I would tell you that yes, I agree that gender is a social construct which ascribes hegemonic power to the masculine. I would tell you that I, like you, am forced to negotiate a society where we cannot simply reject gender because we are constantly gendered by others. The body I inhabit, the things I enjoy, the manner in which I communicate, the clothes I prefer to wear all fit better into the artificial category of “woman” than the artificial category of “man”.

I would tell you that I too am subject to sexism and misogyny in many of their vile forms. My transness does not spare me. I would further tell you that I have experienced worse for being trans than for being a woman, although such unpleasant experiences have been limited by the privileges that come with my class background and the colour of my skin.

I would tell you that I believe in the importance of women’s spaces. I would argue that no group of women should be rejected from such a space.

I would tell you that I am a woman because I identify as a woman and because I move through the world as a woman. That I reject outdated ideals of “appropriate” female behaviour. That I rage against sexism and misogyny, and fight alongside my sisters for equality, for liberation, for choice.

I would tell you that this is my truth, and that there is no universal trans truth. I would ask you to acknowledge the diversity and complexity of trans truths.

And you would tell me your truth. You would tell me of the pain that comes from growing up as a girl and then living as a woman in a patriarchal world. You would tell me that I can never know what this is like, that I will always be male, that my chromosomes and life experience cannot be erased. You would tell me that you have a right to organise without me. That I should just leave you alone.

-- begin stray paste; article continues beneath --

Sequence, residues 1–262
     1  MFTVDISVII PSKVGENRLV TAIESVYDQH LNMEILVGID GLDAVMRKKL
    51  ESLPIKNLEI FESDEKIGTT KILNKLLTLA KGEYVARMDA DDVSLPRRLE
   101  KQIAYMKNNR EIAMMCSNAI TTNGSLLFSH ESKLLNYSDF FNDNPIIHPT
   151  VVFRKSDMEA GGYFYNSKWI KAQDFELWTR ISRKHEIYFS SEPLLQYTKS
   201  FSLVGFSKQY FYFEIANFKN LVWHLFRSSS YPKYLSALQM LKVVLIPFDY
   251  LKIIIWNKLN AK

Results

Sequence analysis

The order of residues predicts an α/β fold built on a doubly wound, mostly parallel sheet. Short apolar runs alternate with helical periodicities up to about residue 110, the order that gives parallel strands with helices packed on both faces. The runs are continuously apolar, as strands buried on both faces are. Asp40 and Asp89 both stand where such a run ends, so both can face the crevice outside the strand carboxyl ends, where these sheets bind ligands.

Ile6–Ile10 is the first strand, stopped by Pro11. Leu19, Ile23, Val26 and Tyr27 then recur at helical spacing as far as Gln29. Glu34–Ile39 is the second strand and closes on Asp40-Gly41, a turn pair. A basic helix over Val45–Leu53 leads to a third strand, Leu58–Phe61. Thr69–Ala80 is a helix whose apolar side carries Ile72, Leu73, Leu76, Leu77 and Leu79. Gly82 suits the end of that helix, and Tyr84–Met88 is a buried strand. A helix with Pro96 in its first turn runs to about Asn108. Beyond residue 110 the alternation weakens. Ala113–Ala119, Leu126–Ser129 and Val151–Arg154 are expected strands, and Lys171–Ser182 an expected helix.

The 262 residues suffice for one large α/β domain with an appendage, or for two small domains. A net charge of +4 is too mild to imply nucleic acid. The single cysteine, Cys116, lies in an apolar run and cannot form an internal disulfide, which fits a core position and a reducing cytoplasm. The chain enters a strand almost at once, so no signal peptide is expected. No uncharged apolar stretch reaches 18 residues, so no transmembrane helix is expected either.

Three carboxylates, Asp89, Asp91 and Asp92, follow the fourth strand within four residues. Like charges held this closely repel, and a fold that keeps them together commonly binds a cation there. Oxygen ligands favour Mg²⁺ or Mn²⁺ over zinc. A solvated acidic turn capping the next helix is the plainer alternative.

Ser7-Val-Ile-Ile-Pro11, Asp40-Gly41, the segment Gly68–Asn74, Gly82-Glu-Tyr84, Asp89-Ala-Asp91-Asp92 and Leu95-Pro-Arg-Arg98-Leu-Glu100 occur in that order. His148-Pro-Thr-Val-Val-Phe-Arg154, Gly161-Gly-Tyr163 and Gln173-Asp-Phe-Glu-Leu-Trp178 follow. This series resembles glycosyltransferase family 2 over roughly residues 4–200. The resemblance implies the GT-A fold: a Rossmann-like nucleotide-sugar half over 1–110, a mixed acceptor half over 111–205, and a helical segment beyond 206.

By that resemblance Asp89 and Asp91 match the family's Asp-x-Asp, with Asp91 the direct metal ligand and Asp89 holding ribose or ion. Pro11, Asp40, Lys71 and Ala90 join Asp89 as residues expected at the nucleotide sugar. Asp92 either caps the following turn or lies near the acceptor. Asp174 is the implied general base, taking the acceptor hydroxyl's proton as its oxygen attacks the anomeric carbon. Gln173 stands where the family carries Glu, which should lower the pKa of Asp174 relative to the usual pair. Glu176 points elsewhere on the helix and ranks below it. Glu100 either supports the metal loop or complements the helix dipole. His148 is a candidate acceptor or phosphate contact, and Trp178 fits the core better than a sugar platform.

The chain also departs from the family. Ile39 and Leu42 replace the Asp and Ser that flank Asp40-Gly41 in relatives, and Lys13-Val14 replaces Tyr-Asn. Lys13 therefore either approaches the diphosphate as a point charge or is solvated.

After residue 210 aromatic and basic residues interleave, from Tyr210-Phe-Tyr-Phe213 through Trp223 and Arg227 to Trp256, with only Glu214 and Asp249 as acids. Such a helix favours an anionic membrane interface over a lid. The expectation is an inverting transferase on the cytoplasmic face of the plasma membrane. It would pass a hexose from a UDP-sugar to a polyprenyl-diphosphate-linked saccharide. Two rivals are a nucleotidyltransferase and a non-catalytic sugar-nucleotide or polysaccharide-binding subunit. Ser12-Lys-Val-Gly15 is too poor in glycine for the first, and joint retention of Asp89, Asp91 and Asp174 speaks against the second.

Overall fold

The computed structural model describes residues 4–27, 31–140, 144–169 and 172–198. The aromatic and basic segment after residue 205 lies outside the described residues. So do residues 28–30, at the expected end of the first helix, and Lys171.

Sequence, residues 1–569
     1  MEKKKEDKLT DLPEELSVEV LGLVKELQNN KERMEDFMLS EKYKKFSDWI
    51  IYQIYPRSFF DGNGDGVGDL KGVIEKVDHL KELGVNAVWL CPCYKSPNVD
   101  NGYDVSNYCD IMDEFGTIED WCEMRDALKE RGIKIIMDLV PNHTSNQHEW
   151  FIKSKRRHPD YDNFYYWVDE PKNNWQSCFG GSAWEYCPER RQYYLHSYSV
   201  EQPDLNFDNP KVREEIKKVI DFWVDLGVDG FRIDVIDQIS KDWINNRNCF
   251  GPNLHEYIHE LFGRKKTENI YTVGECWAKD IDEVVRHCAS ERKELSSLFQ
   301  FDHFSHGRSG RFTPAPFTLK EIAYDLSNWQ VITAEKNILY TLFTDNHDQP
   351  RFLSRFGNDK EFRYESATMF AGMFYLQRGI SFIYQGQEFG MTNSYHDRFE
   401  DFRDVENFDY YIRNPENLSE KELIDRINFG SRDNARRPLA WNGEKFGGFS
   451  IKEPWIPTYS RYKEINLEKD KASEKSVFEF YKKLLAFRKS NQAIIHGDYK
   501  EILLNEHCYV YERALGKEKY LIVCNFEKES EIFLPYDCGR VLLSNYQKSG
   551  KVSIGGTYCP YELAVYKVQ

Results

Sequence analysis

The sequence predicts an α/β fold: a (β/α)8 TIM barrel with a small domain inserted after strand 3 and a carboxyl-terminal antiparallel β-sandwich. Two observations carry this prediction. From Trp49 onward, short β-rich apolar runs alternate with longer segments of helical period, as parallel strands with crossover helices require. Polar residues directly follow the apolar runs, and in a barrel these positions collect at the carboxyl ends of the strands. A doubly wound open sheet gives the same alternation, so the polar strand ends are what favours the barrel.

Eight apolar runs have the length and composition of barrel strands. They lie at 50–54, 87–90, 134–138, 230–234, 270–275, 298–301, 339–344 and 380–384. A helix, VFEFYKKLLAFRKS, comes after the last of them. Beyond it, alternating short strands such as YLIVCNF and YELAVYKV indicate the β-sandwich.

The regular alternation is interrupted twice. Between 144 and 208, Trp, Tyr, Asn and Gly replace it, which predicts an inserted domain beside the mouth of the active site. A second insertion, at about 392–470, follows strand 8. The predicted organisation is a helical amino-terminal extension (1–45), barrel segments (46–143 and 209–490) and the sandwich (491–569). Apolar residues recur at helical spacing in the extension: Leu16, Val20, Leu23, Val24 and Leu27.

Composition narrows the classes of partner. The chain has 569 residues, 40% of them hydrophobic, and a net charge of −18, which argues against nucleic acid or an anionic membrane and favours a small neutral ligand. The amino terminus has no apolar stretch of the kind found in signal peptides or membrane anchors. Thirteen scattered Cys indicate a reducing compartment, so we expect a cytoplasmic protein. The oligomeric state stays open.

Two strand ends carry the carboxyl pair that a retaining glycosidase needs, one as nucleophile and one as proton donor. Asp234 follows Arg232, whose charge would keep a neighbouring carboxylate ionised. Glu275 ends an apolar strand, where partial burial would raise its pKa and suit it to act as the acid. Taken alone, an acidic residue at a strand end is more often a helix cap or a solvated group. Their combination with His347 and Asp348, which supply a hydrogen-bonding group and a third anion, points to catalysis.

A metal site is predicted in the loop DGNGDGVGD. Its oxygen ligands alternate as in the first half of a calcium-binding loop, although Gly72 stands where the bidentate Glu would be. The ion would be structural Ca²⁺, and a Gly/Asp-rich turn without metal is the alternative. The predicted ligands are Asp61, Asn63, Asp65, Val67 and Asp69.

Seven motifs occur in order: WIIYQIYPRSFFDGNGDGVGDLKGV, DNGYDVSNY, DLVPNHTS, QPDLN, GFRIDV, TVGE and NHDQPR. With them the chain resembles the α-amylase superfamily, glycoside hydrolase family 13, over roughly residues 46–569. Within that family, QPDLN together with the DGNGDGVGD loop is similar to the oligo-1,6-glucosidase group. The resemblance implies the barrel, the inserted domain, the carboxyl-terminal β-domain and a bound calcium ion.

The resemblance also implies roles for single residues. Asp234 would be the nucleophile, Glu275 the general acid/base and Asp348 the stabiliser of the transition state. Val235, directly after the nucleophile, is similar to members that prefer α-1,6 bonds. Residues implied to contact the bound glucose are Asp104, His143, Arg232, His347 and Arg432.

And our argument could roll on for a long time. I might draw upon the wisdom of black feminist thinkers to argue that there is no universal experience of womanhood. And you might respond that I, nevertheless, will always have with me the privileges that come with being raised as a boy. And I would say yes, I accept that, but seek to acknowledge and check this in the same way I seek to acknowledge and check my other privileges, and moreover this intersects complexly with the oppression I experienced growing up as a trans girl, learning to hate myself and unable to access hegemonic forms of masculinity.

Where does this leave us?

At the end of the day, we have to draw a line in the sand. So you read and write and share your critiques of my existence, and attend your conferences from which I am explicitly excluded. But I necessarily object to writings and events that actively oppose or undermine my liberation: articles that turn me into a joke or demean my struggle for survival, activists who out vulnerable children, keynote speakers who say that we are all rapists and call for the abolition of gender clinics.

I am left with no choice but to actively oppose the public manifestation of opinions that will do harm to myself, to my friends, to my trans sisters, to my trans brothers, to my queer and/or non-gender-specific trans siblings.

I oppose you not because I hate you, and certainly not because I oppose feminism. I oppose you because you would cause me harm.

And in doing so, you believe that I cause you harm.

And so the dance goes on.

Ruth’s piece is adapted from her 2012 blog post, which you can read here.